So, you tell me: Peter and the disciples, as they return to their nets, have they lost their faith or are they simply doing what they do when they don’t know what to do?
They’re fishing (or at least they’re trying to). They’ve had no catch until the stranger on the shore calls to them (as he did once before), “Cast the net to the other side.” Try again. Trust me. Have faith. There are so many rich details to this story that yank our attention back and forth. 153 large fish? Breakfast on the beach over a charcoal fire? Peter was naked?
As I have read this story over again and again this week, the detail that has struck me most profoundly has been this: Jesus stood on the beach; but the disciples did not know it was Jesus. They see Jesus, but they do not perceive it is he.
We hear a similar lack of recognition in our story from Acts, where the oh-so-clever Saul, who had embarked on a mission of religious zeal, asks of the voice that struck him blind, “Who are you, Lord?” Saul, in all his certainty, despite all of his education and credentials had no idea who it was when God called out to him.
Peter and the disciples did not know that it was Jesus. Saul did not know that it was Jesus. And sometimes we, too, are blind to the presence of Jesus in our midst.
I don’t know about you, but I have never seen Jesus calling to me on the shore. I have never been struck by lightening or had a Damascus road experience. I have never seen Jesus quite as clearly as I might like.
But I have broken bread together with friends. I have had words of undeserved forgiveness extended to me. I have had hope kindled within me in a word of kindness or listening ear.
If we are to pay attention to where Jesus is truly to be found, it is in such simple acts of incarnation. In sharing a meal. In sharing love, concern, and forgiveness. On the beach or on the road, in a locked tight room, or an empty tomb.
If we have not seen Jesus, perhaps it is because we have been looking in all the wrong places. As the angelic messengers told the women on Easter morning, “Why do you search for the living among the dead?” If we have not recognized him, perhaps it is because we’re looking for certainty rather than trust.
Saul was shocked to discover that God was not to be found in the rigor of religious purity or persecuting others as if to protect God; God was not to be found in debates about who to let in and who to keep out. God was revealed to him in Jesus, the one whom he was persecuting. Saul was shocked to find God in the voice of the persecuted and oppressed – in the very people he thought didn’t belong.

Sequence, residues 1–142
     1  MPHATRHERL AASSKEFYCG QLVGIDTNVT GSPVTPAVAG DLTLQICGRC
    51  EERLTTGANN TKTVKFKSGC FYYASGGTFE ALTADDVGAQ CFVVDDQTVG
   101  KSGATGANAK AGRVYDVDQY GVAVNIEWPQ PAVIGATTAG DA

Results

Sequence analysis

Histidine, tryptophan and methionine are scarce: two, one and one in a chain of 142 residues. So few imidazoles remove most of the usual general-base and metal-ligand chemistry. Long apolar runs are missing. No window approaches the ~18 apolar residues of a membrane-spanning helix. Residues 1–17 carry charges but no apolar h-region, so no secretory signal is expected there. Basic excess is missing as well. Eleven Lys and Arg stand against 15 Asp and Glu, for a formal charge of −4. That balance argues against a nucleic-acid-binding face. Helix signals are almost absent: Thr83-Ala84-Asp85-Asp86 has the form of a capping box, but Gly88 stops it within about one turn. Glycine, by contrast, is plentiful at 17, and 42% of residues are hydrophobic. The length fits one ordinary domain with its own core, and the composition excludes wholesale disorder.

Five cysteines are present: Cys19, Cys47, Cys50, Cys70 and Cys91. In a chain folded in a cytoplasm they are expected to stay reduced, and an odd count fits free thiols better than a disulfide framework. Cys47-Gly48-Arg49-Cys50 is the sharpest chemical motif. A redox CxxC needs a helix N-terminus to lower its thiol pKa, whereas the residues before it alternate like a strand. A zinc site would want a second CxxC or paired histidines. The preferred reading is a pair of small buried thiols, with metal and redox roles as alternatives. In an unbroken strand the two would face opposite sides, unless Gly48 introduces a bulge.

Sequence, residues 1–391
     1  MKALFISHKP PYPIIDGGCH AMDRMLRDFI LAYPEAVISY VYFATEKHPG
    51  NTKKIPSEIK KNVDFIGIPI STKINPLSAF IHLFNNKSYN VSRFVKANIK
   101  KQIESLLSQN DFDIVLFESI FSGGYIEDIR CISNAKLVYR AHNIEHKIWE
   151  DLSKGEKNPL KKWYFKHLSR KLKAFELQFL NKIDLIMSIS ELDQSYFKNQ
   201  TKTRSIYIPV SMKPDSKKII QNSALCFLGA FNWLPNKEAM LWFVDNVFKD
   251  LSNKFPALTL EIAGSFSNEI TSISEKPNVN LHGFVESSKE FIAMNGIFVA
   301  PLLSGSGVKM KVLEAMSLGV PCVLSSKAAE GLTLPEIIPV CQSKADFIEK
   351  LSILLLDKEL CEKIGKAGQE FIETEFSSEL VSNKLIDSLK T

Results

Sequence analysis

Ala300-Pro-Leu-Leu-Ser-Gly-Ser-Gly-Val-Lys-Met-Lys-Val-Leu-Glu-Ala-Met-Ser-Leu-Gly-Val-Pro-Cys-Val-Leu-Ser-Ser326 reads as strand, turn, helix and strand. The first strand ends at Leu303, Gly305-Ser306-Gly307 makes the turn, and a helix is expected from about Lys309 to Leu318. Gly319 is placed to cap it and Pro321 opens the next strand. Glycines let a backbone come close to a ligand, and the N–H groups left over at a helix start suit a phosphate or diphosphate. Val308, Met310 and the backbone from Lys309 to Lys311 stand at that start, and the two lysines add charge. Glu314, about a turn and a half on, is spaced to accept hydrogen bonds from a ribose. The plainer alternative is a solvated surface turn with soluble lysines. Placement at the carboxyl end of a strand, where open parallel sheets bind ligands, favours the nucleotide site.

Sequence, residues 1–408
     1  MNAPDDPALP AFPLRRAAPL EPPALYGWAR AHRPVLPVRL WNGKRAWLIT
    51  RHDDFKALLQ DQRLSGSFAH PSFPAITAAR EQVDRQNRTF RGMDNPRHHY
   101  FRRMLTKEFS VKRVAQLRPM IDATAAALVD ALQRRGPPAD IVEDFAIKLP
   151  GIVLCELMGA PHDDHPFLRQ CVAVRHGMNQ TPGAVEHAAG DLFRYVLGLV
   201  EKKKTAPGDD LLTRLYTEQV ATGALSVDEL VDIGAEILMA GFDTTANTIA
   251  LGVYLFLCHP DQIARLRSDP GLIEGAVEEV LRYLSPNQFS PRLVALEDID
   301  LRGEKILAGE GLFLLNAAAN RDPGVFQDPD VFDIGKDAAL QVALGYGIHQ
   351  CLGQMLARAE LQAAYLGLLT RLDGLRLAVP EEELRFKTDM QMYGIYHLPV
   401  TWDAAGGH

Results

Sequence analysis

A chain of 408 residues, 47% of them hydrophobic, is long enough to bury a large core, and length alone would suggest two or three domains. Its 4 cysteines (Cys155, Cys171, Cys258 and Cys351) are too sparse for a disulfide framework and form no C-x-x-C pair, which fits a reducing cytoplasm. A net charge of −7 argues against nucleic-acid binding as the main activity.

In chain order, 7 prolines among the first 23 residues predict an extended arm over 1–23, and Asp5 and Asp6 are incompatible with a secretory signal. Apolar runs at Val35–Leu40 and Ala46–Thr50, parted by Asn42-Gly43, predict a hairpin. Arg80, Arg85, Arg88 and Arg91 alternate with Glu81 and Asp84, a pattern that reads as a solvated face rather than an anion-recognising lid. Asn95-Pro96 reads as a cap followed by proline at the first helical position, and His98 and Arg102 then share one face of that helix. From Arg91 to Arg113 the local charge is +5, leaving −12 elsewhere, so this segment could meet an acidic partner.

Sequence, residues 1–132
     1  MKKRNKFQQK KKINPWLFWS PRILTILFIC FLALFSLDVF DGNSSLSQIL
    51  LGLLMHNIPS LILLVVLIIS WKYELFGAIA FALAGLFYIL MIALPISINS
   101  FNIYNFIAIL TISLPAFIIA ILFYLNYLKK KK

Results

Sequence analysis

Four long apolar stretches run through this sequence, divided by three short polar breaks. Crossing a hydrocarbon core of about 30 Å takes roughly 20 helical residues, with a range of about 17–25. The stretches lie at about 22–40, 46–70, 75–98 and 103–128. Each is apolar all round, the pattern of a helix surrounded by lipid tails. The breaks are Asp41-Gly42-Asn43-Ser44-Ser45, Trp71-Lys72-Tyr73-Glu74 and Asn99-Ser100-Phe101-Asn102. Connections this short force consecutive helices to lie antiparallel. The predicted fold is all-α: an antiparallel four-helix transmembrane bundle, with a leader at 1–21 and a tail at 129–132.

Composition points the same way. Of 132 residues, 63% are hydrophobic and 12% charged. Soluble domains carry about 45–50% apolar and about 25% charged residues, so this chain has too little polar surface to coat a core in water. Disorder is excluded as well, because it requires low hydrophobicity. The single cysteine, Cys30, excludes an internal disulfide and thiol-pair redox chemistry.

The truth is that in the body of Christ, in Jesus in you and me and in our neighbor, there is no one who doesn’t belong. If one doesn’t belong, no one belongs. The early church father, St. John Chrysostom said it so profoundly: “If you cannot find Christ in the beggar at the church door you will not find him in the chalice.”
I think the same could be said of our baptismal vow to respect the dignity of every human being: if we cannot revere God in one another, we will find nothing to revere here at the altar.
I will be the first to admit how difficult it can be to recognize Jesus. People can be so very difficult and dangerous to love. God, who fills all things, can sometimes be so obvious as to seem absent.
If you have ever struggled to find God – know that the disciples too had a hard time recognizing Jesus right in front of them.
If you haven’t seen Jesus in some time, please hear this: you need to know that the story is not over. Jesus isn’t finished with us until we know him in the breaking of bread, in our brothers and sisters, hidden in plain view.
The ending of the Gospel of John (here just a few verses after our Gospel lesson today) concludes with this enormously hopeful saying, “But there are also many other things that Jesus did; if every one of them were written down, I suppose that the world itself could not contain the books that would be written.”
What do we do when we don’t know what else to do? Well, perhaps we can consider such uncertainties a pause in the conversation…a holy ellipsis… a narrative “to be continued” in a story still being written.
In the end none of the disciples had to ask him, “Who are you?” because they knew it was the Lord.
The Rev’d Brad Landry
St. Paul’s – San Antonio
Easter 3c (2016)